Ravitch and former Federal Reserve Chairman Paul Volcker led a 2012 study that concluded state pensions and retiree health-care systems are underfunded by as much as $4 trillion. Cuts in state aid threaten basic municipal services while politicians lack courage to make hard decisions, Ravitch said in an interview.
“There’s no way Congress is going to do anything significant,” to help Detroit, Ravitch said. “There should be a discussion about how American federalism should work in the 21st century, and that requires leadership from the White House. There has been no leadership on this subject.”
Kevyn Orr, the emergency manager of Detroit who sought bankruptcy protection for the city, has cited unfunded pension and health-care liabilities as a major cause. He has estimated the pension deficit at about $3.5 billion and $5.7 billion for retiree benefits.
Republican Governor Rick Snyder said in a Bloomberg interview July 26 that there would be no bailout from Michigan. Snyder said there are other ways to foster economic development in Detroit, where state revenue-sharing aid, based on municipal population, has fallen to $181.6 million from a peak of $334 million in 1998, according to the state treasury department.
Federal bankruptcy law provides the city with a benefit in that it lets Detroit shed debt and reorganize, said Nicole Gelinas, senior fellow at the New York-based Manhattan Institute for Policy Research.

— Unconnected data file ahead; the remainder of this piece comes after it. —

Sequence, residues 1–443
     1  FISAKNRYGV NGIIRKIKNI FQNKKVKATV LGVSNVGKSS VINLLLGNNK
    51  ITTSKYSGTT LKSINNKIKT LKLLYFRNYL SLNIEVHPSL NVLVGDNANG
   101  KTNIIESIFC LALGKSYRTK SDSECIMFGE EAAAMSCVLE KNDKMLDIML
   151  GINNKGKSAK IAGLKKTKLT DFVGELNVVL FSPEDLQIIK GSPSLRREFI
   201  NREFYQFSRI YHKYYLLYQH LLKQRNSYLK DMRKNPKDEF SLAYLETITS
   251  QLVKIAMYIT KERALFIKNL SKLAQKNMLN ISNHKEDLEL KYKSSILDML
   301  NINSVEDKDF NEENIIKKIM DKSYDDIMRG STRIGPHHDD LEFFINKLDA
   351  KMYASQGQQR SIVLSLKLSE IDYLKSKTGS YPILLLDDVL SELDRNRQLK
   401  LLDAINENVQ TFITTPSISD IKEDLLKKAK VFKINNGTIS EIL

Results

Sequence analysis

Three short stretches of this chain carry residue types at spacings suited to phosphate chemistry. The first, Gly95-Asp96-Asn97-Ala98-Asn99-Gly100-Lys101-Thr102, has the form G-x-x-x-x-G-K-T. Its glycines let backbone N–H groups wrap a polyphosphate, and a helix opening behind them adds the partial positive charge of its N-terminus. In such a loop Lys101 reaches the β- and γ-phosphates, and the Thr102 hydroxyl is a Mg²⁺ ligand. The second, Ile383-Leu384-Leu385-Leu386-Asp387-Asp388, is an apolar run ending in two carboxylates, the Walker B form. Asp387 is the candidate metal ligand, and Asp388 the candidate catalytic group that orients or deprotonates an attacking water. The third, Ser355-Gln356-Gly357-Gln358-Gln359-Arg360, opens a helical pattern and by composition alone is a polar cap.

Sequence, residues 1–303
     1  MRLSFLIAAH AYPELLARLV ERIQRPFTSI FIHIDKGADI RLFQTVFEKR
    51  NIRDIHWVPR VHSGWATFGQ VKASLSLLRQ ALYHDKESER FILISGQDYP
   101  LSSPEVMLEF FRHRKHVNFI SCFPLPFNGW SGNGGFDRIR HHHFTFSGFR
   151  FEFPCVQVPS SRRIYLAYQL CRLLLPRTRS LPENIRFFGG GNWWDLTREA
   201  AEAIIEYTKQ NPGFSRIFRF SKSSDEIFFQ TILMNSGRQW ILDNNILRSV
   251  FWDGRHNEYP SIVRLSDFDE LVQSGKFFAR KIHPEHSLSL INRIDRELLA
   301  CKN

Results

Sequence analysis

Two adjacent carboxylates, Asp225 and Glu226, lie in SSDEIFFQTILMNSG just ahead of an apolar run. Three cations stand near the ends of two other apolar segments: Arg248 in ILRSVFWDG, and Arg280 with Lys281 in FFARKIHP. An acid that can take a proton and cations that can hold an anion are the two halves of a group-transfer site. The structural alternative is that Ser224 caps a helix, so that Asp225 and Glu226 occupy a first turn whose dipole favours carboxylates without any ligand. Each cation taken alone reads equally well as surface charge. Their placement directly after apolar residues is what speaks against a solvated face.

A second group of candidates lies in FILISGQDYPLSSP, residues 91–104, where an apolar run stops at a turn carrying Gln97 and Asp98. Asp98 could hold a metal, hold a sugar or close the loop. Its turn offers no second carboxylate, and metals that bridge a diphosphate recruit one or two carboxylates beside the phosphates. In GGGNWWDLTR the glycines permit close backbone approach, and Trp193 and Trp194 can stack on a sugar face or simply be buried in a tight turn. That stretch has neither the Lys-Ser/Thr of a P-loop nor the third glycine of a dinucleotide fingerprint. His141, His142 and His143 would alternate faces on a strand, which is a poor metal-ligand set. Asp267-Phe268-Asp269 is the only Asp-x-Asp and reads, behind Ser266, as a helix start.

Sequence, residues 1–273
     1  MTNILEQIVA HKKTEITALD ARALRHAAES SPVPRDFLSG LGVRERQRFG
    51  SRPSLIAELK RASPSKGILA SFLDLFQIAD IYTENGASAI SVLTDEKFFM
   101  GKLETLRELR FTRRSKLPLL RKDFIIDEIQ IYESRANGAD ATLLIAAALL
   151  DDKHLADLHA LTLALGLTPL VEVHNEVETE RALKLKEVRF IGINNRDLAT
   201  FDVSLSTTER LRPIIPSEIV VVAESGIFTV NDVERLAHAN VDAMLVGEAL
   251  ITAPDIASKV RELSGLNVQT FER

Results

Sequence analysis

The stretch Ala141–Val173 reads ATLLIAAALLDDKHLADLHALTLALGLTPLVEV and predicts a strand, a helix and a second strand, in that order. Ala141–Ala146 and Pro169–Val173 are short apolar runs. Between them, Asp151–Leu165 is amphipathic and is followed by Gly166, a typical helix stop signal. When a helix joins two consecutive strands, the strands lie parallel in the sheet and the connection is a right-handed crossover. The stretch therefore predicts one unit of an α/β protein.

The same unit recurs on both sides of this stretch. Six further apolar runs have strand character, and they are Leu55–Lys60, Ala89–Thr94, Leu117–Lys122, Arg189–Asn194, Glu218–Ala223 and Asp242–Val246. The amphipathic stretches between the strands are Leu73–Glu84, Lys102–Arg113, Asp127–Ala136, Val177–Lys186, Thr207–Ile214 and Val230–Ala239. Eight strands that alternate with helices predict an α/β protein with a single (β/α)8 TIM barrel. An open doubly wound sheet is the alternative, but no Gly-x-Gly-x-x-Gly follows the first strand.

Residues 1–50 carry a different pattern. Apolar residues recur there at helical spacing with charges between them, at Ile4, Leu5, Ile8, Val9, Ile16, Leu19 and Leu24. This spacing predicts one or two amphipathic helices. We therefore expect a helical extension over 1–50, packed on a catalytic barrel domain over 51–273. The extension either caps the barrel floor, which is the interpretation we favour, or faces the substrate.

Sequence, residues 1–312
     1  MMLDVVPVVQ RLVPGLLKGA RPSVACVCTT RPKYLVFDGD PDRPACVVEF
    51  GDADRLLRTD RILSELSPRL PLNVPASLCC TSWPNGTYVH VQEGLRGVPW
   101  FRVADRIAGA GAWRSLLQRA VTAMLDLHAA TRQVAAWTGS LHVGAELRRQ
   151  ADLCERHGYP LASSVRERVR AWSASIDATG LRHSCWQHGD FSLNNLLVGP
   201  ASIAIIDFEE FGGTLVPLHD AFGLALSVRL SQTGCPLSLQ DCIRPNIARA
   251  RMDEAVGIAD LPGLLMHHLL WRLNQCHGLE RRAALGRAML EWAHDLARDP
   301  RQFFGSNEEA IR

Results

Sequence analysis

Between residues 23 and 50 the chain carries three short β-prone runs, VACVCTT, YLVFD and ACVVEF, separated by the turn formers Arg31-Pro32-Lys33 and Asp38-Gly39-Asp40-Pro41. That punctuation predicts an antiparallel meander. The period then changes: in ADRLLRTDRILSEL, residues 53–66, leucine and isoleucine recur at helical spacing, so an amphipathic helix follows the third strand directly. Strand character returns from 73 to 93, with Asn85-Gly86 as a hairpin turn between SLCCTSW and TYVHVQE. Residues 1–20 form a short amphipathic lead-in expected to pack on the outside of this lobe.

Gelinas said Obama, a Democrat who took office in 2009 after Republican President George W. Bush began the bank and auto rescues, knows the peril of paying off creditors who took a risk investing in Detroit.
“People are against bailouts,” Gelinas said, and “2008 was seen as a bailout of sophisticated investors.”
“We need private-sector dollars to come alongside to help us do what we used to do from a national level,” said Emanuel, a Democrat and former White House aide to Obama and President Bill Clinton.
Kildee, the congressman, said it’s time to reverse the shrinkage of federal aid to distressed cities.
“Not out of charity or to create social-equity goals,” he said, “but because those places are the economic engines of our economy, always have been. It’s in our national interest to do this.”
To contact the editor responsible for this story: Stephen Merelman at email@example.com